July 15, 2016
FOR IMMEDIATE RELEASE
For more information contact:
JD Rosman, communications intern, at 816-383-5104 or email@example.com
Evaluating Carcass Quality at the NJAS
Junior members learn about the industry’s true end product through the National Junior Angus Show carcass contest.
Understanding how Angus cattle perform beyond the farm or ranch is an important component of the carcass steer contest hosted during the National Junior Angus Show (NJAS). Thirty-three steers were a part of the 2016 NJAS carcass steer contest, where juniors were able to learn firsthand what ranchers are targeting when raising cattle.
Hosted in Grand Island, Neb., July 3-9, the NJAS and the carcass contest continues to grow. Once checked in, the steers were weighed and taken to the JBS beef plant in Grand Island where the steers were harvested and graded.
Within five days, carcass data was received and ranked by carcass merit. The top steers were announced at the NJAS awards ceremony July 8.
“The carcass contest is a great way for juniors to find value in their cattle outside of the showring,” says Chelsey Smith, American Angus Association assistant director of events and education. “It teaches the juniors what the ultimate end product is, and reinforces what the Angus and beef industry is about; a safe and wholesome product for our consumers.”
The top steers’ exhibitors were awarded contest premiums in addition to carcass premiums. Of the steers exhibited, nearly 52% qualified for the Certified Angus Beef® (CAB®) brand. In addition to prize money, contestants — many of whom compete in the contest for several years — received carcass data back to influence future selection decisions.
Alexis Vandeberghe, Cleveland, N.D., exhibited the grand champion carcass steer. Her steer, sired by Connealy Gold 579, graded low-Prime with a yield grade of 3.1, had a 12.6-square-inch ribeye area, and had a hot-carcass weight of 791 pounds (lb.), allowing this steer to qualify for CAB. Vandeberghe received a $26 per hundredweight (cwt.) grid premium.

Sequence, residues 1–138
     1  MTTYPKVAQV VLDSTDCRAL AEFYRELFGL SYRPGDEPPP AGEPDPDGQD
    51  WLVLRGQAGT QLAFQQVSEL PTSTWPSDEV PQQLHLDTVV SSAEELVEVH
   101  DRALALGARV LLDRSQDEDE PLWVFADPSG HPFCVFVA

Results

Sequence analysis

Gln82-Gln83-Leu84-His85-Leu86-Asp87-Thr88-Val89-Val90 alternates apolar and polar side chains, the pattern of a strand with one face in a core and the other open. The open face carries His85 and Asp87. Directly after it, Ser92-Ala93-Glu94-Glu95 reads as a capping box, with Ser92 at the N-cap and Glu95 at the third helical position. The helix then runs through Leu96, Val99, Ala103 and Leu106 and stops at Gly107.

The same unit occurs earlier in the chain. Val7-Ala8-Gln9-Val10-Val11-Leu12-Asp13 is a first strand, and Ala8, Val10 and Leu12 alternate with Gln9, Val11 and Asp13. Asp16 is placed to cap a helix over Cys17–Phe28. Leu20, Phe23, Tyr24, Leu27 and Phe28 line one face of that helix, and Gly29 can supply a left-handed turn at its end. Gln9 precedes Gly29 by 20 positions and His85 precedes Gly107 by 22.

Reserve champion carcass steer was exhibited by Callie Eastin, Gretna, Va., who had the grand champion carcass steer the previous year. Her steer, sired by Connealy Black Granite, graded Prime with a yield grade of 3.2, had a 12.4-square-inch ribeye area, had a hot-carcass weight of 781 lb., and qualified for CAB. Eastin also received a $26 cwt. grid premium.
Chase Monte, Mexico, Mo., won grand champion bred-and-owned (B&O) and fifth overall carcass steer. His steer, sired by SydGen Black Diamond 2769, graded low-Prime with a yield grade of 4.2, had a 9.5-square-inch ribeye area and had a hot-carcass weight of 782 lb. Monte received a $16 cwt. grid premium.
Emma Eathington, Avon, Ill., won reserve grand champion B&O and eighth overall carcass steer with her son of Coleman Regis 904, graded high-Choice with a 3.3 yield grade, had a 12.3-square-inch ribeye area, a hot-carcass weight of 807 lb. and qualified for CAB. Eathington received a $15 cwt. grid premium.
The other exhibitors in the top ten were, in order: Ryder Wendel, LaMoure, N.D.; a second steer exhibited by Callie Eastin; Chase Monte; Danika Gordon, Whitewood, S.D.; Jordyn Wickard, Greenfield, Ind.; Emma Eathington; Kinsey Crowe, West Alexandria, Ohio; and Ty Mogck, Olivet, S.D.
Another aspect of the contest is the state group. Three steers are grouped together by at least two exhibitors in lots for a real-world application. For the second year in a row, the Virginia team consisting of Callie Eastin and Suter Clark, Gretna, Va., won the state group.
Additional NJAS contest placings, awards and scholarships can be found on www.angus.org. Coverage is also available on the NJAA Facebook page, including videos, show results and photos. Backdrop and candid photos are available for purchase online.
Also, plan to tune in to a special NJAS episode of The Angus Report at 7 a.m. (CST) Monday, July 18, on RFD-TV.
ANGUS MEANS BUSINESS. The American Angus Association® is the nation’s largest beef breed organization, serving more than 25,000 members across the United States and Canada. It provides programs and services to farmers, ranchers and others who rely on the power of Angus to produce quality genetics for the beef industry and quality beef for consumers.
For more information about Angus cattle and the American Angus Association’s programs and services, visit www.angus.org.